Jan 23, 2022 I Paul Seaburn

Purple Rocks May Be a Sign of Past Life on Mars

Are Curiosity and Perseverance, NASA’s two operational rovers on Mars, in a robotic rivalry to be the first to find a confirmed sign of life on the Red Planet? It would seem that way this week as Curiosity’s onboard lab analyzed some soil it had dug up and found it contained an unusual carbon signature that is considered to be one of the signs of life. Not to be outdone, NASA just announced that Perseverance has been finding a purple coating on rocks everywhere it roams and scientists think this could also be a sign of past life – or at least hold clues on what that life might have been. Purple rocks on Mars? Wouldn’t that have made an excellent Bowie/Prince collaboration?

"These particular purple patches we haven't really seen with past rover missions."

At a recent conference of the American Geophysical Union (AGU), Purdue University scientist Bradley Garczynski explained how he’s using the “scientific eyes of the rover” -- a pair of cameras called Mastcam-Z – to study the purple images taken by Perseverance through various filters that can help determine their composition. National Geographic was at the conference and also reports on Ann Ollila, a geochemist at Los Alamos National Laboratory, who is also studying the purple coatings, splotches and blobs in Jezero crater, which was formed by a meteorite impact billions of years ago, once hosted an ancient lake, and is now the home of Perseverance and its little helicopter friend Ingenuity.

jezero overview 570x321
Jezero Crater as Seen by ESA's Mars Express Orbiter (NASA Public domain)

Ollila is taking a more weaponized approach – she’s using the rover’s SuperCam to blast the rocks with a laser to vaporize a hole and make a sound that is picked up by microphones and analyzed – the sound tells Ollila how hard the rock is and reveals other properties. The Supercam then compares the inside of the hole to the purple surface – it found the purple layer is softer and contains hydrogen and magnesium. Add that to the discovery by the Mastcam-Z that it also contains iron oxide and you’ve got … what?

"I don't really have a good answer for you."

That’s not what conference attendees and future Mars explorers wanted to hear from Ollila – they want to know if geological processes are similar among the solar system’s planets, what are the differences and how did they happen. And most importantly – what the heck is the purple stuff? If it’s a sign of ancient life, it’s in the wrong place – the spots in Jezero where Perseverance roams are not where there was water but where magma flowed. Also, the pings don’t match and neither do the compositions of the zapped holes and the purple coating around them. That doesn’t mean they aren’t potential signs of Martian life, says Nina Lanza, the team leader for Space and Planetary Exploration at Los Alamos National Laboratory studying the purple.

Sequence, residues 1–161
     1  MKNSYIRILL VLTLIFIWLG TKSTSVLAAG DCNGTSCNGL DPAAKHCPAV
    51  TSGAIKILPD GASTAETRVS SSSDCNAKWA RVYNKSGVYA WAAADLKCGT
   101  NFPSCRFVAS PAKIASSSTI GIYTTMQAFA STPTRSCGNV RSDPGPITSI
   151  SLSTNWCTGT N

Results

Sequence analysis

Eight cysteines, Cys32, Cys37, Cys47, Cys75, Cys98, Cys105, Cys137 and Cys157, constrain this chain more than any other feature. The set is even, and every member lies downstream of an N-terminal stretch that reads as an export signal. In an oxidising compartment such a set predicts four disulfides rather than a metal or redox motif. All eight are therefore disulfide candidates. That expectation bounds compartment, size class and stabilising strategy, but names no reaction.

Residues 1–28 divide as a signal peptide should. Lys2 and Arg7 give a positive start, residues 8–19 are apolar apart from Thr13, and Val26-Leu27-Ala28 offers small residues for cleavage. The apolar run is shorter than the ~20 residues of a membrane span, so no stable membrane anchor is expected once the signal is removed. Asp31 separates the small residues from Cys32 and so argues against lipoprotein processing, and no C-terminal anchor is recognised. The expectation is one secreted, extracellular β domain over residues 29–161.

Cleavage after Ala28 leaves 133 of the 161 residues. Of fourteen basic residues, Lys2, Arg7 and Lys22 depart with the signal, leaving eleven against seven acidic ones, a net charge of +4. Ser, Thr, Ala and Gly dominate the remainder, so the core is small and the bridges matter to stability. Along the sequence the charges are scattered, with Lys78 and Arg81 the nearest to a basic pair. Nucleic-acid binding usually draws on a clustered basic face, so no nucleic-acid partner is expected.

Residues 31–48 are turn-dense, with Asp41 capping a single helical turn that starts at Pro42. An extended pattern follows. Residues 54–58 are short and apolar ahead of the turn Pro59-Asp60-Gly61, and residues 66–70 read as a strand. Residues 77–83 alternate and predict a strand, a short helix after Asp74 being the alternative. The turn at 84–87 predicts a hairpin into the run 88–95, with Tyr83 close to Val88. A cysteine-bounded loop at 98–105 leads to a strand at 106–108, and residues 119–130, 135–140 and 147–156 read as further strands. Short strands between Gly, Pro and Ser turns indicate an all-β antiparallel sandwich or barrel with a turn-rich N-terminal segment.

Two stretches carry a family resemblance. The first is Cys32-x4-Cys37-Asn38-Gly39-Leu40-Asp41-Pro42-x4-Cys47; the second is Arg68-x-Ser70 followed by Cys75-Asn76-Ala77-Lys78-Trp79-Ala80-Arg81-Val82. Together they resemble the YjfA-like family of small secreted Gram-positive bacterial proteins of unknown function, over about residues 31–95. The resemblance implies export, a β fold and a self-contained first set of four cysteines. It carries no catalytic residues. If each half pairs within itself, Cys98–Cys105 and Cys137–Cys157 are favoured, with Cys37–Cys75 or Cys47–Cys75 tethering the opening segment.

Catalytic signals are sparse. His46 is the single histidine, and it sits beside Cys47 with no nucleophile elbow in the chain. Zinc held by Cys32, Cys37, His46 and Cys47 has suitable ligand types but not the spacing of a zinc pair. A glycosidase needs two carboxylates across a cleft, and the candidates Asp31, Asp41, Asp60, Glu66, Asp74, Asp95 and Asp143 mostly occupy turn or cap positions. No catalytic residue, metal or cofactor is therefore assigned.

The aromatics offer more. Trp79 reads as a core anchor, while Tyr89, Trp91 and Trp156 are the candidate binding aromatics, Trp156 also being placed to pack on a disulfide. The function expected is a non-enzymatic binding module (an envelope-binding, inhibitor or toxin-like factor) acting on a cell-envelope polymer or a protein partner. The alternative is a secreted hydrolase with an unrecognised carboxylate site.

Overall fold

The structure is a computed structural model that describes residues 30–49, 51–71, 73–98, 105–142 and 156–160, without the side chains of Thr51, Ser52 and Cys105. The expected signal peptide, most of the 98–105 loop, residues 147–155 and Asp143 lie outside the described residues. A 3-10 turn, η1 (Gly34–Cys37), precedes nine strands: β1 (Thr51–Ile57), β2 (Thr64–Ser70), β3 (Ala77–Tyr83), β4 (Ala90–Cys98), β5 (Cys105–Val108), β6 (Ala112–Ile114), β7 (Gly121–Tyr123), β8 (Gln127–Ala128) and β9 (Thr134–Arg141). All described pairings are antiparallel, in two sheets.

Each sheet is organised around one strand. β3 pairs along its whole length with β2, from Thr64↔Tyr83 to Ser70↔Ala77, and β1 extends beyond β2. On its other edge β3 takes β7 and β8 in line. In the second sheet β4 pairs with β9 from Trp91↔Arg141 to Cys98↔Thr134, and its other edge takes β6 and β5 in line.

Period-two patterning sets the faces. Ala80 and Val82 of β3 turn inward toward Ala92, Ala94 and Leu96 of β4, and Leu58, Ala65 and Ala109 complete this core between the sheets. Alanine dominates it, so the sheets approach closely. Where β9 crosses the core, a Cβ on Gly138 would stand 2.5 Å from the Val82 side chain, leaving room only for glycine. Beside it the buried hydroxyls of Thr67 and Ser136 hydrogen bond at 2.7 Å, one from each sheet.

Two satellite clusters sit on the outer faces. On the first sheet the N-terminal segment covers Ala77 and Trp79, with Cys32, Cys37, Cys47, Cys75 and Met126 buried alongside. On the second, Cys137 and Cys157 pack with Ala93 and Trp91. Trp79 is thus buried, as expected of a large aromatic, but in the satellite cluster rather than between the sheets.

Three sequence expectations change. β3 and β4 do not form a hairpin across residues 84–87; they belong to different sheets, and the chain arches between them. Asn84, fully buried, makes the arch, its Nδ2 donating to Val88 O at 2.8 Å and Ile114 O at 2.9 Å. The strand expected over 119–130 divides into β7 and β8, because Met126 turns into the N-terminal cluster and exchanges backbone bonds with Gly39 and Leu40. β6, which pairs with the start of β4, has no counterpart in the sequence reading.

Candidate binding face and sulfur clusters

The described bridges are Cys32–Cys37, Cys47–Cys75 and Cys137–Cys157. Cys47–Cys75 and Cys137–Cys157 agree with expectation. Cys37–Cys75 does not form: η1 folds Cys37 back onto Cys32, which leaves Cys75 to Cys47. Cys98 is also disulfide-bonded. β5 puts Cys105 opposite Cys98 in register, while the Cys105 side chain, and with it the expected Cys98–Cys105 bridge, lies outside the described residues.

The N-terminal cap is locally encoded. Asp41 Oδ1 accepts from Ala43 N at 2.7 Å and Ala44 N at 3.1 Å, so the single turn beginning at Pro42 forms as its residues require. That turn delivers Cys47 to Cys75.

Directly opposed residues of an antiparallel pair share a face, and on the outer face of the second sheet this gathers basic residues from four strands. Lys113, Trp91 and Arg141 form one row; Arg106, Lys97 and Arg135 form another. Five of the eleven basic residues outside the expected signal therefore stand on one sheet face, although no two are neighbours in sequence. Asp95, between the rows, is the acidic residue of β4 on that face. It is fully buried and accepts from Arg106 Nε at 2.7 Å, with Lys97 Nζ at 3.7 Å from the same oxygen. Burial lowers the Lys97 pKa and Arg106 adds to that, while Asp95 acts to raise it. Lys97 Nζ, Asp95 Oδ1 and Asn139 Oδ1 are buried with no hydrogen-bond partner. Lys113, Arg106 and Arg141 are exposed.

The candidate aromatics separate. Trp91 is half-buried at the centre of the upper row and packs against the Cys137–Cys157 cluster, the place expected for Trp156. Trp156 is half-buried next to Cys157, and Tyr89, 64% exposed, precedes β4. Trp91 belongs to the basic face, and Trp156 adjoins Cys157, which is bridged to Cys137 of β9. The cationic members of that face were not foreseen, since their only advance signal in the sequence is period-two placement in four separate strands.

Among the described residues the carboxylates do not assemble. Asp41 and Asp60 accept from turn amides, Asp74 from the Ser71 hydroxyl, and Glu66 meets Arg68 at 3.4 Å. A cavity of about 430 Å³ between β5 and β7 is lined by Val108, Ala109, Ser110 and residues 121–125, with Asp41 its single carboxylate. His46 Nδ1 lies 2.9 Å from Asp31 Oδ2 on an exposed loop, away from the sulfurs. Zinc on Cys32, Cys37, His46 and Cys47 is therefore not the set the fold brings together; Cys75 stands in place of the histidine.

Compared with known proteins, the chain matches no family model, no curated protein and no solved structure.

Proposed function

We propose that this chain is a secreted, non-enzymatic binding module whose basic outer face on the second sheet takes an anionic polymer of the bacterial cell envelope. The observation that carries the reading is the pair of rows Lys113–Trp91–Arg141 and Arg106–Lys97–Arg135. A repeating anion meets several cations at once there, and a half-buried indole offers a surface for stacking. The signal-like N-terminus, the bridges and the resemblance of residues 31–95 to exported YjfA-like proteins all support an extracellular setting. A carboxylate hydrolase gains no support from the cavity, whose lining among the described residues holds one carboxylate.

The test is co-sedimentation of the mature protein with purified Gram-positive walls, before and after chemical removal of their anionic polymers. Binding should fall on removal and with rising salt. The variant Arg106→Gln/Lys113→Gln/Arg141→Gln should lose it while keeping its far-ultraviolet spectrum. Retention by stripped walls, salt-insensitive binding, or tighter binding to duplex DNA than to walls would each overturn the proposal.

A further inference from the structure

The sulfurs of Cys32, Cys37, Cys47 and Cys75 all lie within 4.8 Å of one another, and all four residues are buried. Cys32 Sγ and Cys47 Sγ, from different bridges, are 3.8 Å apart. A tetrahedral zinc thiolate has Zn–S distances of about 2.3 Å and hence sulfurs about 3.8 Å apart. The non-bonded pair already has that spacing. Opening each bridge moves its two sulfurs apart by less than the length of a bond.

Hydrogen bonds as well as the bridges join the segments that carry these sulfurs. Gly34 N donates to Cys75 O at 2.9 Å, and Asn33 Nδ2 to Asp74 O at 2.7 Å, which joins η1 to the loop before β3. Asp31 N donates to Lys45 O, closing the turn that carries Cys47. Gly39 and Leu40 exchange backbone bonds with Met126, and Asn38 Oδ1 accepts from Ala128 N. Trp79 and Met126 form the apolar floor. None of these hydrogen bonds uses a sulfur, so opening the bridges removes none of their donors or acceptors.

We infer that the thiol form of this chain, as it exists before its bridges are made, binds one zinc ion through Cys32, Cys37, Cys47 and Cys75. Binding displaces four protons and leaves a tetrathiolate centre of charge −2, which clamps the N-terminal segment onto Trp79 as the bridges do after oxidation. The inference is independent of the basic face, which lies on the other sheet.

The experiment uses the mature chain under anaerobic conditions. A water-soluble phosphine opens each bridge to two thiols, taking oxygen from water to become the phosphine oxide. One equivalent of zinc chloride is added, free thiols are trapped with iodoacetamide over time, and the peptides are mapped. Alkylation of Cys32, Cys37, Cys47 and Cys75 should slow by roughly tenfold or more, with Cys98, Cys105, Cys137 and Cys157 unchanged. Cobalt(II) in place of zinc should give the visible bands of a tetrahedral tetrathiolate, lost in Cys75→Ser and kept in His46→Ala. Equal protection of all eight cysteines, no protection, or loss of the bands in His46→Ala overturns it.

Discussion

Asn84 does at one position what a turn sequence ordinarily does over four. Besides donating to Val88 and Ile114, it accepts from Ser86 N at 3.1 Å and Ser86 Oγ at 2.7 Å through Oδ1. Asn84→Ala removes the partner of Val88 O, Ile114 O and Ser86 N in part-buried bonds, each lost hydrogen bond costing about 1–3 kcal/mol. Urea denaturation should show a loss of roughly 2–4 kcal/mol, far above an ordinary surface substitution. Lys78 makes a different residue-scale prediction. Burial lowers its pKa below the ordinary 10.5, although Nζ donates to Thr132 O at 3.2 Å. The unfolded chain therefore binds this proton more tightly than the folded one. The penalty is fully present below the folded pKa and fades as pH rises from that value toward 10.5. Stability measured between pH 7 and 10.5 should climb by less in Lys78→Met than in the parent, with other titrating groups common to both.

"Who knows what Martian microbes do?"

(Wouldn't that have made a great opening line to a Bowie song?)

On Earth, a purple coating on a rock might mean microbes hid on it to escape from the sun’s ray, metabolizing metals in the rock or dissolved in water flowing over it. Ultimately, the purple rocks need to be brought back to Earth for intense analysis in a lab.

Perseverance 570x527

If the purple surface on these Martian rocks was really once purple Martian microbes in a Martian lake, that means it could have heated up, vaporized into clouds and formed something Prince could sink his musical teeth into.

Purple rain, Martian pain
Purple rain, Martian pain
I didn’t mean to step on you
Thought you were just a stain

OK, maybe David Bowie.

Take a look at the ground, man
Purple rock, I wonder why
Oh man, wonder if we'll ever know
Is it purple Martian pee
Is there life on Mars?

Don’t you miss those guys?

Paul Seaburn

Paul Seaburn is the editor at Mysterious Universe and its most prolific writer. He’s written for TV shows such as "The Tonight Show", "Politically Incorrect" and an award-winning children’s program. He's been published in “The New York Times" and "Huffington Post” and has co-authored numerous collections of trivia, puzzles and humor. His “What in the World!” podcast is a fun look at the latest weird and paranormal news, strange sports stories and odd trivia. Paul likes to add a bit of humor to each MU post he crafts. After all, the mysterious doesn't always have to be serious.

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